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Suppose I have some type with an associative binary operation that feels a lot like append except that the operation may fail. For example, here's a wrapper for List[Int] that only allows us to "add" lists with the same length:

case class Foo(xs: List[Int]) {
  def append(other: Foo): Option[Foo] =
    if (xs.size != other.xs.size) None else Some(
      Foo( { case (a, b) => a + b })

This is a toy example, but one of the things it has in common with my real use case is that we could in principle use the type system to make the operation total—in this case by tracking the length of the lists with something like Shapeless's Sized, so that adding lists of unequal lengths would be a compile-time error instead of a runtime failure. That's not too bad, but in my real use case managing the constraints in the type system would require a lot more work and isn't really practical.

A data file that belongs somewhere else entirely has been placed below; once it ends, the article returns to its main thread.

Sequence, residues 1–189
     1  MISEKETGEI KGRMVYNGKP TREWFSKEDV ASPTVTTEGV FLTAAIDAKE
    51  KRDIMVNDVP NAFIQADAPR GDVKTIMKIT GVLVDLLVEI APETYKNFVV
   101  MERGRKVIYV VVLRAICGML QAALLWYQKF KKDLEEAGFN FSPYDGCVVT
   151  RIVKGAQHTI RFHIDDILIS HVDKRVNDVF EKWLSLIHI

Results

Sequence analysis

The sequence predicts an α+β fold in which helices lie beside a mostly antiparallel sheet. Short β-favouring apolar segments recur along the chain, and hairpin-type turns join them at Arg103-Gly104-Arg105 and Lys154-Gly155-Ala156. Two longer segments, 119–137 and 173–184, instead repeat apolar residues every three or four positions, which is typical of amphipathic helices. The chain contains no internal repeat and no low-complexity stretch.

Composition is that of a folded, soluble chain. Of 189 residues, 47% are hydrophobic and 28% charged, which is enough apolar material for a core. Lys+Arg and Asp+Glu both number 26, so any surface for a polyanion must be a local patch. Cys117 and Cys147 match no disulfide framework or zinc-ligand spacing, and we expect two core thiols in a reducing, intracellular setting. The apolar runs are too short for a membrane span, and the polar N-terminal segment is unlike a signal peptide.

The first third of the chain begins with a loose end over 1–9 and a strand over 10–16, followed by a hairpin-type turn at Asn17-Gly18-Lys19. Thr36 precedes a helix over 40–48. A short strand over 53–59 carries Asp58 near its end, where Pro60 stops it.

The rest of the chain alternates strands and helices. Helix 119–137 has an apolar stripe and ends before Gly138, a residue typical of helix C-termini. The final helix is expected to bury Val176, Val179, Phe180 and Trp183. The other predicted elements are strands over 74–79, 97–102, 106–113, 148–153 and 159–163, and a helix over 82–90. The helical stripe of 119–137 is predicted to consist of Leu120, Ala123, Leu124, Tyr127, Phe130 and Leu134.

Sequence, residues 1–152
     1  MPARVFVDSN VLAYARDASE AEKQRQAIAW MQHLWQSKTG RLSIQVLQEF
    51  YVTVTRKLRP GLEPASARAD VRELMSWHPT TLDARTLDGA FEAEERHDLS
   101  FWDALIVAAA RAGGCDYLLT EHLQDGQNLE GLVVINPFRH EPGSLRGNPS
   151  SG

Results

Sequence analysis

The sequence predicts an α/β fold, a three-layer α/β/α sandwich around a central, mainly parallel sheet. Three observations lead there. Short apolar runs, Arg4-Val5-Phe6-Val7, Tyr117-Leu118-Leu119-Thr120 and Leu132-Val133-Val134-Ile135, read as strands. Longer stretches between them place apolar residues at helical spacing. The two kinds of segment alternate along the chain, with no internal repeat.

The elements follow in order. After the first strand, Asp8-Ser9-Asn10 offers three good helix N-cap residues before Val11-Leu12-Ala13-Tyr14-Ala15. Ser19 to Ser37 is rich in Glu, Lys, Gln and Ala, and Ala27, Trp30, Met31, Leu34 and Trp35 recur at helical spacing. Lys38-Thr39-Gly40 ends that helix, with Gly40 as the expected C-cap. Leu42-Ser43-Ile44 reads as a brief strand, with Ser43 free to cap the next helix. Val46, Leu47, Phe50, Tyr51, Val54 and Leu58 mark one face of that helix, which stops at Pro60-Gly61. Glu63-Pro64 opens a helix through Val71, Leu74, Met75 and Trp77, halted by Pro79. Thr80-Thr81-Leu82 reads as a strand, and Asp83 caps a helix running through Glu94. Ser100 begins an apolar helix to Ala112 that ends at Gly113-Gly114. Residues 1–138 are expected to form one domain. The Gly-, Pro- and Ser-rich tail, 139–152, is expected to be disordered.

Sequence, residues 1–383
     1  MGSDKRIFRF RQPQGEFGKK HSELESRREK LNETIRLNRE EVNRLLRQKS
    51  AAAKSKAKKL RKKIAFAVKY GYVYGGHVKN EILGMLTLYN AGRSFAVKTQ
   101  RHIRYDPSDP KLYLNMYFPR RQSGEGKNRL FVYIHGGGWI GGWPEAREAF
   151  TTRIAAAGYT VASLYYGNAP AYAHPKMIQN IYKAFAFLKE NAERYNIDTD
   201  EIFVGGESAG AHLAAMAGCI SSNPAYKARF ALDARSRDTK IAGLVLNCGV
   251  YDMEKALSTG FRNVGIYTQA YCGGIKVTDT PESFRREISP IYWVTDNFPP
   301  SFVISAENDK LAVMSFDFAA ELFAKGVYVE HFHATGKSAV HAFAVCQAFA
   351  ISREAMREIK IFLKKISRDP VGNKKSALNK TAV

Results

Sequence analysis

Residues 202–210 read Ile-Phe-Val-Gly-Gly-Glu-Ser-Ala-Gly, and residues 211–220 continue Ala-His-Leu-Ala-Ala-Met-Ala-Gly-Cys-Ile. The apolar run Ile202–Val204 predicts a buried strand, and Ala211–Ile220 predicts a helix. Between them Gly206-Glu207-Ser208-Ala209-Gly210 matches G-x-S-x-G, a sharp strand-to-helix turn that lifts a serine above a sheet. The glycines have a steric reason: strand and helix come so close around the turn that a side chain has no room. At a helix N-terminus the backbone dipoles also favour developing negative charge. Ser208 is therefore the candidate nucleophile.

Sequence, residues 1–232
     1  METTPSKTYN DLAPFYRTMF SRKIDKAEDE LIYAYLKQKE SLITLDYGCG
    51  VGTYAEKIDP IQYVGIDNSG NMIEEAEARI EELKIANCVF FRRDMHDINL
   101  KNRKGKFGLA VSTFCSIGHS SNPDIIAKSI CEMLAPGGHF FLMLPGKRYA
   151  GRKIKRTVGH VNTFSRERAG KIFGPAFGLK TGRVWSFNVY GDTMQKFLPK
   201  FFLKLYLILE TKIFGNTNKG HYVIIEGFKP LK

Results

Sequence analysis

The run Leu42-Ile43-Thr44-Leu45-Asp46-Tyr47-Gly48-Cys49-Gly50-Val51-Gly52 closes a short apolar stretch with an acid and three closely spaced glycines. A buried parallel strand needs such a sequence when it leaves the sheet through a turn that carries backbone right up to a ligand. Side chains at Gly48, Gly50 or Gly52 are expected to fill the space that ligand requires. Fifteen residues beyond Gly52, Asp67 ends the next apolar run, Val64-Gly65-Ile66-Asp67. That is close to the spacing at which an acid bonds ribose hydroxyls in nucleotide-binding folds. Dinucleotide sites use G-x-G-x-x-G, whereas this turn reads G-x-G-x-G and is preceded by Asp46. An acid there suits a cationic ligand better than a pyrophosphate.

(In my use case I have a sensible identity, unlike in this toy example, but we can ignore that for now.)

Is there some principled way to do this kind of thing? Searching for a -> a -> m a or a -> a -> Maybe a on Hoogle doesn't turn up anything interesting. I know I can write an ad-hoc append method that just returns its result wrapped in whatever type I'm using to model failure, but it'd be nice to have something more general that would give me foldMap1, etc. for free—especially since this isn't the first time I've found myself wanting this kind of thing.

share|improve this question
you might be interested in MonadPlus with mplus :: m a -> m a -> m a – cdk Jun 28 '14 at 19:22
@cdk: Thanks—yes, I know about MonadPlus, but don't see how it helps here, since my append logic is specific to the a. – Travis Brown Jun 28 '14 at 19:32

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